When I first walked into the Special Collections Research Center at the Regenstein Library for the Chicago Poetry Symposium last Saturday, I got the impression of a quietly reflective attitude throughout the room—a disposition born, no doubt, out of the dialogues which took place there. The first Symposium took place in 2008, and it has striven ever since to bring consistently engaging speakers each year to discuss a variety of themes, which was certainly the case for this year’s event. David Pavelich, the bibliographer for “Modern Poetry” at the University library, introduced the event as he has in the past, giving some substantive background information of the event and a foreword to the topics of the day. For the rest of the afternoon, a mix of professors, graduate students, and writers discussed four poets and editors from Chicago history: Sterling Plumpp, Alice Notley, Margaret Anderson, and Henry Rago.
It is this focus on Chicago-rooted poetic creation of varying sorts that gives the Symposium a unique significance within the university, not least because one of the subjects under discussion, Rago, was himself a professor here in the Divinity School and New Collegiate Division. Two different speakers (Al Filreis, a professor at the University of Pennsylvania, and Don Share, senior editor of Poetry Magazine) gave talks on Rago, making specific mention of his dual standing as University of Chicago professor and contributor to and editor of Poetry Magazine during the ’50s and ’60s. Aside from the actual content of the talks, this portion of the afternoon shed light on the University’s role in shaping a poetic culture in the city, and how the city itself can take part.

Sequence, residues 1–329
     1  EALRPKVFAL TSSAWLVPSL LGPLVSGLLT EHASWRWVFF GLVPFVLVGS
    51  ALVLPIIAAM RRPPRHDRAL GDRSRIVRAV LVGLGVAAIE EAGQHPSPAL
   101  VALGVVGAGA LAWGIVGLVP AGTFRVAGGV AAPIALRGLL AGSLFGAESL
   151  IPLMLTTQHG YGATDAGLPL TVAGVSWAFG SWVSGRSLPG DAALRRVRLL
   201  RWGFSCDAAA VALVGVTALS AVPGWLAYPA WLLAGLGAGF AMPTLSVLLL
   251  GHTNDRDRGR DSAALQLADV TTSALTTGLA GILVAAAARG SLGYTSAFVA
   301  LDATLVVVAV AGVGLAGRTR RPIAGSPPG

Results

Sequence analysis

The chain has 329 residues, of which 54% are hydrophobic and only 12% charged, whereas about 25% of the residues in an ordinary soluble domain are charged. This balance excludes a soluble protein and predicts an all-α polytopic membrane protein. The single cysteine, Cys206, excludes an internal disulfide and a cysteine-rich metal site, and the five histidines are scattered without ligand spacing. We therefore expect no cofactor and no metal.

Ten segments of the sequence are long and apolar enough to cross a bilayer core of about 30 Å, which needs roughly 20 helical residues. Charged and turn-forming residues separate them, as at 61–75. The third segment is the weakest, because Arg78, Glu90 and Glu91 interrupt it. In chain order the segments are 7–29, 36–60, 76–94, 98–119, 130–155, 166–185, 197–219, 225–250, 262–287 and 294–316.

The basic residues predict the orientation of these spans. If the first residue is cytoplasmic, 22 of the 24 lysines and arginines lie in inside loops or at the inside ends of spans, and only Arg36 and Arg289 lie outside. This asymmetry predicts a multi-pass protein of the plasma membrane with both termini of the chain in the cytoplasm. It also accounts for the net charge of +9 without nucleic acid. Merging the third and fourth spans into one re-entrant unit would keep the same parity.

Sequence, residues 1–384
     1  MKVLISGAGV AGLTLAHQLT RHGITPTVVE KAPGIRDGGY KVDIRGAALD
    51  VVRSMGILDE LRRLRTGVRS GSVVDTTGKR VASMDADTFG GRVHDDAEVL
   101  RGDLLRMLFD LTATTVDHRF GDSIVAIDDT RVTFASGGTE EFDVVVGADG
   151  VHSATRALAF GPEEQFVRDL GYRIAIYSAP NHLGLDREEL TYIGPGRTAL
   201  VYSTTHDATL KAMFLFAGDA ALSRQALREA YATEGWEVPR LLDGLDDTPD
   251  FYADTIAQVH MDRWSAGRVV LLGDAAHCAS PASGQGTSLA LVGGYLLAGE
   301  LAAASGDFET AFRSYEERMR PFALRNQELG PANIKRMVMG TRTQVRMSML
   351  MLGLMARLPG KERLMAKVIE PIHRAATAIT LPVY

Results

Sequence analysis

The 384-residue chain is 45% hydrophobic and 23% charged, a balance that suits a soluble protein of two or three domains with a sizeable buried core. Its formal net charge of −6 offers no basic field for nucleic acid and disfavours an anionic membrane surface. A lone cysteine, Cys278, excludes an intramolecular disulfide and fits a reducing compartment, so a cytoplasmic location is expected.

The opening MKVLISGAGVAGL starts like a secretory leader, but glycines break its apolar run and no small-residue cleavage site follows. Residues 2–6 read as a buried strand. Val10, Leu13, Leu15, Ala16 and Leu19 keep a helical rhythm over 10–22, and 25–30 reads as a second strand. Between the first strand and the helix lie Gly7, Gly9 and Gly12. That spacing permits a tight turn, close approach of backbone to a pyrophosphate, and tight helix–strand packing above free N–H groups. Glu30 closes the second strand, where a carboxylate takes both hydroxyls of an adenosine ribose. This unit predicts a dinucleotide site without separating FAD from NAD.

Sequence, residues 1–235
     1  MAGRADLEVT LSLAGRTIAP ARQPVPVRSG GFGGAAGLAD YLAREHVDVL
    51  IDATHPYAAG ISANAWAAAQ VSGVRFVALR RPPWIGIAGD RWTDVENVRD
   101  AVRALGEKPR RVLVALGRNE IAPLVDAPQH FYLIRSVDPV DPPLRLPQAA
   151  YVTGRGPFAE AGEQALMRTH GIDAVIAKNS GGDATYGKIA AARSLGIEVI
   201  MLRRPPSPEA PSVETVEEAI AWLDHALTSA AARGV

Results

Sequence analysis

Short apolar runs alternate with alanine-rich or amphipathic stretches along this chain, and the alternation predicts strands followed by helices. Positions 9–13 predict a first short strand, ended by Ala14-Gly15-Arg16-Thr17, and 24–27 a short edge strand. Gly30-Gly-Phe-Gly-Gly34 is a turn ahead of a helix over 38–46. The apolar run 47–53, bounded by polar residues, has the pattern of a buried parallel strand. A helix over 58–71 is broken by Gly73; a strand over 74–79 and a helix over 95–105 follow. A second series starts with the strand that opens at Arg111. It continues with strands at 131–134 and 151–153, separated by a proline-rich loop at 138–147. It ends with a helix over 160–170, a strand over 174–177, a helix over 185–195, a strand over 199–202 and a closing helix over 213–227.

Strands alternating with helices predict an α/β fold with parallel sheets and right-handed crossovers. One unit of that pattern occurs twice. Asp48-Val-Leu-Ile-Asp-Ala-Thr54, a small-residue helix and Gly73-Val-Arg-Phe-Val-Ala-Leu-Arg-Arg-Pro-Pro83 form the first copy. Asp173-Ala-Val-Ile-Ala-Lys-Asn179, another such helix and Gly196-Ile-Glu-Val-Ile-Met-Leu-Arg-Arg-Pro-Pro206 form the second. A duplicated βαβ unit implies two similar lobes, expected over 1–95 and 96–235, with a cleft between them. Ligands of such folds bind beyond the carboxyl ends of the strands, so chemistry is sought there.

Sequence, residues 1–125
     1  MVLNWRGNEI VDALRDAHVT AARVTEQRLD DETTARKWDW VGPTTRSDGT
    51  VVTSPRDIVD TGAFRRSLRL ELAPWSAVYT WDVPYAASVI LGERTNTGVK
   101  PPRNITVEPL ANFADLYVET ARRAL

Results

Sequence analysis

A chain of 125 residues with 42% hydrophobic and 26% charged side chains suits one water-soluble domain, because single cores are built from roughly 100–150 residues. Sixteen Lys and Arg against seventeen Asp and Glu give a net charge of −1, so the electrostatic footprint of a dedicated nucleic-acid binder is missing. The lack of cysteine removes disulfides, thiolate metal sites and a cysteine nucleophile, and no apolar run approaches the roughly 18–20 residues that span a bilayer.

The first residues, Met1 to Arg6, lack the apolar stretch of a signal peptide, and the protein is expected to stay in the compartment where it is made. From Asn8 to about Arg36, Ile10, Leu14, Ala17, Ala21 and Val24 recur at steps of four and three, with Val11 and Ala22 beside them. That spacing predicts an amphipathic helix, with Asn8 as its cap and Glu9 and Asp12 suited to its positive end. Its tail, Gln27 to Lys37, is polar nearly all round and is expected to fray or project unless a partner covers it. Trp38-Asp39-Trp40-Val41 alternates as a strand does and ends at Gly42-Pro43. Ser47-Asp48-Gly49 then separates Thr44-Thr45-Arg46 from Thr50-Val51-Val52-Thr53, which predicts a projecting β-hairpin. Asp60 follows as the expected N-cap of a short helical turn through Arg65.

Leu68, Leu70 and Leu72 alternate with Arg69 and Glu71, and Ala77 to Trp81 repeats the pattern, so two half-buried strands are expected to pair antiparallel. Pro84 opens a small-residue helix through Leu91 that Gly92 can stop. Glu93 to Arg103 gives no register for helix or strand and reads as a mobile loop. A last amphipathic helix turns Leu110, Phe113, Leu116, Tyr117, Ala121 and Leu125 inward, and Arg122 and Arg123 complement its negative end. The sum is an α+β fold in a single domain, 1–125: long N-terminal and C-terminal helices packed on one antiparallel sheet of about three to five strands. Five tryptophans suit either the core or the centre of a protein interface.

Extending the thematic scope beyond the University, the event included two talks on editors of Chicago literary magazines: Margaret Anderson (editor of The Little Review from 1914–1929, discussed by Nancy Kuhl) and Alice Notley (editor of Chicago magazine from 1972–1973, discussed by Stephanie Anderson). Both speakers emphasized the dual role each editor had as both an objective art critic and someone able to shape the entire magazine itself into a work of art. Once again, it was not only the specific details regarding these editors that were of value, but also the wider historical context within which they operated. Both women had considerable influence in the art world while they were active, and Anderson’s work in particular is widely seen as some of the most important of the century—James Joyce’s Ulysses, for example, was serialized in The Little Review during her tenure as editor.
Going further afield, the discussion on Sterling Plumpp, a Mississippi-born poet and former University of Illinois professor, stepped outside the boundaries of the city into the country at large. Focusing on the dual environments of Chicago and Mississippi in Plumpp’s work, instructor Garin Cycholl showed how even within the apparently broad context of a city or state, geographical designations in America break down in a number of ways that demand consideration of a more national context.
The methodical arrangement of the afternoon, which covered three ever-widening social contexts in which to consider these writers, was the main strength of the event. In addition to the assorted historical points made earlier, the format of the event allowed it to pass not as if I were listening to a lecture, but rather like I was watching what itself was an intentional work, similar to the poetry and magazines discussed. As a first-time attendee, I cannot say whether this organizational dimension is a staple of the event, but as long as the poetry symposium maintains this structure, it ought to remain an influential center for poetic dialogue and conversation on campus.